Thanks for pointing that out, I hadn’t realized it. I will say that if I use myself as the measuring stick, then yes, I am good and moral. If I use God’s standard, the God who has a perfect memory, then I fall way short and I need a savior if I’m going to stand in front of Him at the judgment. Praise Him for His plan.

        Nice chatting with you

        • Jon,

          I’m just going to mention something at this point I’m surprised wasn’t mentioned before: both the proprietor of this blog and Andy have made it very clear before that they are highly intelligent, morally-upright people – and that they are distinctly not interested in religion. With that in mind, it’s not very respectful to come in and lambaste them for not believing, when it’s long been known that they don’t. I find that as being in very poor form; this is their house, and they should be treated respectfully within it.

          I say that as a long-time reader, as a metalhead who finds the genre’s obsession with evil an over-used and sometimes disturbing trope…and as a practicing Catholic who gets sick and tired of dealing with the fallout from those Christians who do not play well with others. I don’t rub my faith in anyone’s face around here, and I know I’m not the only Christian reader of this blog.

          • Andy went beyond the relam of blogging about music and crossed into a discussion about philosophy and morality with some of the remarks he made in the original post. I began my side of the discussion with direct quotes from that post, and discussed from there. If this website is solely a music discussion, then we all ought to keep it at that. If they want to end the moral discussion, then so be it, I don’t need to post any longer. I will say that most metal heads don’t put up with censorship in their music… so why would they push censorship on somebody expressing their personal views?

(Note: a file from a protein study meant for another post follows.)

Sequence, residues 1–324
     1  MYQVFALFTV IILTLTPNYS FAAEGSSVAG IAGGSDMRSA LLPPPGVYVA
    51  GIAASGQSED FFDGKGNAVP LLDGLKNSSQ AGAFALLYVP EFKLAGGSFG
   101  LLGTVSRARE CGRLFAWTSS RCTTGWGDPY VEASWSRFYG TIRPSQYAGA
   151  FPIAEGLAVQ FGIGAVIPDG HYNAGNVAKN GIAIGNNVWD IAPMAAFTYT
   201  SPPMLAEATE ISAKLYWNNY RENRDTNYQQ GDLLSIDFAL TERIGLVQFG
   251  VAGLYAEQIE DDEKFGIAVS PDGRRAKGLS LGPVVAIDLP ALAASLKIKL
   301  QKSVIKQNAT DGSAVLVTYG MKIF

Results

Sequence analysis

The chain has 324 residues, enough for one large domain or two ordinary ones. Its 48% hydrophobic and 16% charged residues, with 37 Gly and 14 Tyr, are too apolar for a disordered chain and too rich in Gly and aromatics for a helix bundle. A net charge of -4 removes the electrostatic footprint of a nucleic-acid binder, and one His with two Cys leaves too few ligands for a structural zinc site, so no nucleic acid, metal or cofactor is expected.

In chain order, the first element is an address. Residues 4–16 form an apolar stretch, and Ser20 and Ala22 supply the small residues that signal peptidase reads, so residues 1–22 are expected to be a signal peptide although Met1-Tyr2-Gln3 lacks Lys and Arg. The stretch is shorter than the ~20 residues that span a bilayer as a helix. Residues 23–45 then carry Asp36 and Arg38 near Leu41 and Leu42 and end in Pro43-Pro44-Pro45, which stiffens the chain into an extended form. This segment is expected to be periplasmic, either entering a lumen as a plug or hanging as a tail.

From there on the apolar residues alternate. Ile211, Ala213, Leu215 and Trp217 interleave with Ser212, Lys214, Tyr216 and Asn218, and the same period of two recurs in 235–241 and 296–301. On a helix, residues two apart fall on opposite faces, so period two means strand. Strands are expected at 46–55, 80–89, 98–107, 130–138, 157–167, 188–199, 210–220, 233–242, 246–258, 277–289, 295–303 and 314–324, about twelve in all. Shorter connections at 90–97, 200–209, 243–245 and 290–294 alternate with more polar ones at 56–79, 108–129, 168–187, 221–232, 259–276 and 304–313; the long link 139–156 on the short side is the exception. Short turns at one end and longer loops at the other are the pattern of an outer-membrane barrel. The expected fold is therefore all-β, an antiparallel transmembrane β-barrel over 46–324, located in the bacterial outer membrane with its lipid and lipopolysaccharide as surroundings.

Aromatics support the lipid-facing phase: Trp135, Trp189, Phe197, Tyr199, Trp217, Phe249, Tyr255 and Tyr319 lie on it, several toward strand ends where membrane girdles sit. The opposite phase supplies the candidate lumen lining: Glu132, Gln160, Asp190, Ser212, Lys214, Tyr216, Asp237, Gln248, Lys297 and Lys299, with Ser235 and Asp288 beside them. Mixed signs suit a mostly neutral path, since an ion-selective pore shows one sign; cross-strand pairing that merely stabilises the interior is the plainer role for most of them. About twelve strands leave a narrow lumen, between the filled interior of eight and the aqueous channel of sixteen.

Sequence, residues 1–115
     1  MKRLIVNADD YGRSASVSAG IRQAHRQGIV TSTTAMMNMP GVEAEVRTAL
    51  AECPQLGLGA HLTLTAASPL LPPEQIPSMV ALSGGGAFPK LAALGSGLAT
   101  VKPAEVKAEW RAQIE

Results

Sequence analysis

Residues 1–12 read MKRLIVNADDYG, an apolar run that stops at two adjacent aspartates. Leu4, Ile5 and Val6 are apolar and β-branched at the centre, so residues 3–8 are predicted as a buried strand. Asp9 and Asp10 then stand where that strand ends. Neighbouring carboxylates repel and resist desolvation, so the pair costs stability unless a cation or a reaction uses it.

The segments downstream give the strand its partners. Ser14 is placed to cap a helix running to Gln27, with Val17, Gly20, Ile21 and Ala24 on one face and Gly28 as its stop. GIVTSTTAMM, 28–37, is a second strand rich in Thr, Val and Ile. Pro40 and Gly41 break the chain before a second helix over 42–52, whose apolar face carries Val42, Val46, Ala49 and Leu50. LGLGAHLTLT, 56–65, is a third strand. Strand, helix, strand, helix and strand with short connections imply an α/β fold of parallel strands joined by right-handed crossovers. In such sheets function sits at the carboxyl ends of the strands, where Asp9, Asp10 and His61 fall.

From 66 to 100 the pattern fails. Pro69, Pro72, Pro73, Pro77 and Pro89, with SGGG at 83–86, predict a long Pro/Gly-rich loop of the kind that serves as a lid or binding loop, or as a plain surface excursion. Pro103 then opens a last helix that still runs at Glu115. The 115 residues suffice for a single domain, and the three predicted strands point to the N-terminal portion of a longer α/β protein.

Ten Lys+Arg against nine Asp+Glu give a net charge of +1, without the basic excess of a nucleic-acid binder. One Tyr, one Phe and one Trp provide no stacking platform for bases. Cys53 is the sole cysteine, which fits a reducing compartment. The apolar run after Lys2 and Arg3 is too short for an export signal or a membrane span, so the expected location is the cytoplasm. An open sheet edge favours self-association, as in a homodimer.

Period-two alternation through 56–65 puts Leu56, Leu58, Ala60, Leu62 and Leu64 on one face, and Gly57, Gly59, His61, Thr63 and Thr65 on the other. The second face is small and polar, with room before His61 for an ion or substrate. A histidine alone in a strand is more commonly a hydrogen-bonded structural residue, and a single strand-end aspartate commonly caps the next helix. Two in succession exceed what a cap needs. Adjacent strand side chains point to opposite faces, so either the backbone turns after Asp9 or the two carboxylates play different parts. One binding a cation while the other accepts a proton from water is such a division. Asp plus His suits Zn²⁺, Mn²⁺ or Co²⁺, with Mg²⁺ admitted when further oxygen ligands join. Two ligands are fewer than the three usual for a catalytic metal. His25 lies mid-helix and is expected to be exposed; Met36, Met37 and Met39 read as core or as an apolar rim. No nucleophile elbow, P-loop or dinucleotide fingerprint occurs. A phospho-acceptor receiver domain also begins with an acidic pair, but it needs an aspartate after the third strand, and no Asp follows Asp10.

• Hi again Jon.

              No-one is trying to censor you. That’s the wonderful thing about the free world we live in. If I think you’re an idiot then I’m allowed to say you’re an idiot. Just because you’ve jumped into things and ended up on the wrong end of a backlash, don’t try and play the censorship card on us.

              And I still feel really bad for you, thinking that 100% of people are so bad and don’t live up to your lofty moral standards. How do you manage to exist in the world.

              In closing… this world is good, this world is bad… we weren’t created in anyone’s image but our own. And the majority of the people do their best to try and better themselves and the people they love. Some exceptional people go beyond that and try to change the world for the better. No one is perfect however. We all make mistakes, we all transgress and fail. But we try.

              Thankfully we don’t have to live up to you and your “superior” standards.

              Just because you’re so negative about people, doesn’t mean the rest of us have to be. None of us here live in a blinded or blinkered world (I’d argue that your obsession with god doesn’t help you, but that’s neither here nor there), we all watch the news, we read, we talk with others, we travel, we interact… we’re all aware of the terrible things that can and will occur. So I’m afraid your desperate attempts to characterise anyone who disagrees with you as “not living in the real world” or “not being aware” are doomed to failure. None of us here have anything to prove to you.